When a history lesson,
heritage site or event needs
a bit of life breathed into it,
who can you call? A peasant
or two of course, as
Tessa Gates found out when
she met a couple for hire
PEASANTS are a bit thin on the ground nowadays, but it is probably true to say that Louisa Gidney and Paul Stokes are the most educated peasants anyone is ever likely to come across. These two graduates are archaeologists specialising in animals, who are increasingly living the history they have studied, with an enterprise they run called Rent a Peasant. Through it they show the everyday life of times past.
"Everyone laughs at it but they remember the name," says Paul who met Louisa when he was reading archaeology at Durham University as a mature student. The couple, who keep Dexter cattle, Manx Loghtan and Hebridean sheep on a smallholding at Tow Law, near Bishop Auckland, County Durham, set up Rent A Peasant as a hedge against dwindling excavation work opportunities.
"By the end of this year our work with Durham University will run out so we hope we shall be able to make a living as peasants," says Louisa, adding that even in good times archaeologists are not highly paid.
The couple fulfilled a range of engagements last year at heritage sites, shows and schools and they assume the personae of Roman, Saxon, Medieval or Tudor peasants according to the booking requirements. With their thorough research and hand-made authentic costumes they fill the roles very convincingly and are both educational and entertaining. Their animals too, often have a part to play. Louisa will be clipping sheep with hand shears at Corbridge Roman Fort this July, then spinning wool with a drop spindle. Even the couples costumes are made with wool from fleece from their own flocks.
"We usually take a couple of wethers along with us to a show and we are really staggering lambing this year so that we have something young and cute to take out and dont have to keep taking the same animal," says Louisa, adding that their animals have also been used as extras by film and television companies.
Two of the Dexter cattle will work yoked together and when the Dexters arent wearing it, the yoke makes a great attention grabber on school visits. "We go into schools as farmers and ask the children to guess what we do and what animals we might keep. We always take the yoke with us and get the two most mischievous kids to wear it, they all love it," says Paul. The lessons are kept flexible to take into account childrens ages and attention spans and are very interactive. At one school a pupil who was a farmers son helped bridge the gap between the centuries by helping the couple compare produce prices past and present.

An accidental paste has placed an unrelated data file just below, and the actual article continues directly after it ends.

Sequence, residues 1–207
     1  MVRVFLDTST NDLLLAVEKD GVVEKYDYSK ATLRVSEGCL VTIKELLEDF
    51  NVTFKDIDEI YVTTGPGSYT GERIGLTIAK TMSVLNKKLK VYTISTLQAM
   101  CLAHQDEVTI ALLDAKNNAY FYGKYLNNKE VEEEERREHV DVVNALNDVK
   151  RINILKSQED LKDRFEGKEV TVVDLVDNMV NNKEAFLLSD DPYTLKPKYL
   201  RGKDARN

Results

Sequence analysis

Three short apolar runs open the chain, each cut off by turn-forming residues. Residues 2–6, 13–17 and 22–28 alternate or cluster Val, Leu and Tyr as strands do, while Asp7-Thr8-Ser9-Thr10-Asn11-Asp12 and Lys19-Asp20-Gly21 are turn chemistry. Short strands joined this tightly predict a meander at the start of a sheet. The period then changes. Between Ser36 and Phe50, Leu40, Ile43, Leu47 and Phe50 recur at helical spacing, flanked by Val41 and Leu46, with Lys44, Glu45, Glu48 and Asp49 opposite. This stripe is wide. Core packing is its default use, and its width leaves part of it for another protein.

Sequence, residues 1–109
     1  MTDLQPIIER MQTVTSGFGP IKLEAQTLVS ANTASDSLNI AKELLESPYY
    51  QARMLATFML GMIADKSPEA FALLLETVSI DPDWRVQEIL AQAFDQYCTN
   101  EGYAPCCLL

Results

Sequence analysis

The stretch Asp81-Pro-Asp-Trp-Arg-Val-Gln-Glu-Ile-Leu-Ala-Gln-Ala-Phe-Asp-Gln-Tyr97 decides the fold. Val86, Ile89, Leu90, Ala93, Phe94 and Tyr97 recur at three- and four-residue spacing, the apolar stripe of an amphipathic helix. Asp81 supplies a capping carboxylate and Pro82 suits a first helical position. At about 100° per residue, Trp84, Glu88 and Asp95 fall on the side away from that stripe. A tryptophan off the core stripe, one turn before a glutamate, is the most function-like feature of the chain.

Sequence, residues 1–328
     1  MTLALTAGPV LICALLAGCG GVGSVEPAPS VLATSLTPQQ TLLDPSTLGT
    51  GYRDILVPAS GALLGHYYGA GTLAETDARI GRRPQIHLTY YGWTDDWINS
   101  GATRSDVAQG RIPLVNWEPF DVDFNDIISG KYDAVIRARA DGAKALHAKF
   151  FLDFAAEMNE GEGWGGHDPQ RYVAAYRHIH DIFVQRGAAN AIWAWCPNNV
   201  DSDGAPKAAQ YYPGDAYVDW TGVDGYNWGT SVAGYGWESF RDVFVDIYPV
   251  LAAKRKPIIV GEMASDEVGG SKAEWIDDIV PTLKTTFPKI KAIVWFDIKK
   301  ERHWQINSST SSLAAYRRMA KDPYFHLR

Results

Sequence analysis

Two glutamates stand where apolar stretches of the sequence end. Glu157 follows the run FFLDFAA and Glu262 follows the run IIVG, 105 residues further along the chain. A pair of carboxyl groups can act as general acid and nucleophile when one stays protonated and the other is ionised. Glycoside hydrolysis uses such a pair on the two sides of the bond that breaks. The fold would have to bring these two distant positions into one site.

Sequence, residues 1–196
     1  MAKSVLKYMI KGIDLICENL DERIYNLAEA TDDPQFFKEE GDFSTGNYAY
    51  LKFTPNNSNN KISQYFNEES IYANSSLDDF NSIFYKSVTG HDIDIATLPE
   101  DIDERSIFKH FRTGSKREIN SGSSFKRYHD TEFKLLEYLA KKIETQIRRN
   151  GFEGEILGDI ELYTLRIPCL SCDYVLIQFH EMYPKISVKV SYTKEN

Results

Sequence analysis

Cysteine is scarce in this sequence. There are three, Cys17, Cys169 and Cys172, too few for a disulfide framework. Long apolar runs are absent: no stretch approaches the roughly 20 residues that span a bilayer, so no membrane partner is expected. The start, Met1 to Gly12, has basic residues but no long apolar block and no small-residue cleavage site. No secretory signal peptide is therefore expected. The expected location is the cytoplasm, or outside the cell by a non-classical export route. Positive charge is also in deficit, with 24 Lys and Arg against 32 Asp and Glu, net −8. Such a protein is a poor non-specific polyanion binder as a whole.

The children only see them in costume and really enjoy stepping back in time with Louisa and Paul. "If we are being Tudors then we make rush lights. The children love peeling the rushes and it is an "official" messy activity so they enjoy it even more. We also show them how to make quill pens from goose feathers and how to use a drop spindle," says Louisa.
"One thing I find it hard to get my head around, is that most children dont wear wool or leather – their clothes and trainers are synthetic. We hand round pieces of wool and linen – even some of the teachers cant work out where linen comes from – and we explain how animals were kept for more than meat. We show them how fat was used for lighting, how everything including hide, horn and bone was useful. We explain that people had to be self-sufficient and we use meat from our own animals in our demos, and say how people needed fat for energy."
"A low-fat yoghurt still doesnt compare to stew and dumplings when you have been working out in the cold," says Paul. Food is his forte. Before studying archaeology, he was a lecturer in professional cookery. The idea for Rent a Peasant grew from his cooking authentic meals for historical re-enactment groups. He still occasionally provides period buffets and recently put on a spread of Roman food for a 50th wedding anniversary celebration.
"Another thing we do, with groups of undergraduates, is to cut up a carcass with flints and cook it afterwards," says Paul.
The pair really seem to enjoy peasant life, particularly wearing the costumes the styles of which they have thoroughly researched. "It is only when you are wearing them that you find out why the styles are so practical," says Louisa. "A long-tailed hood also acts as a scarf and long wide sleeves are wonderful for picking up hot pots with. The nice thing is when we are working in an unheated castle and people ask if we are cold. We can say no because we are wearing the right things for a castle – made from wool."
Spend any time with Louisa and Paul and you come away with the feeling that they would happily step back in time permanently given the opportunity and they eschew many of the trappings of modern life at home.
"We must admit that the difference between what we do at a show and what we do at home is getting more and more blurred," says Louisa.
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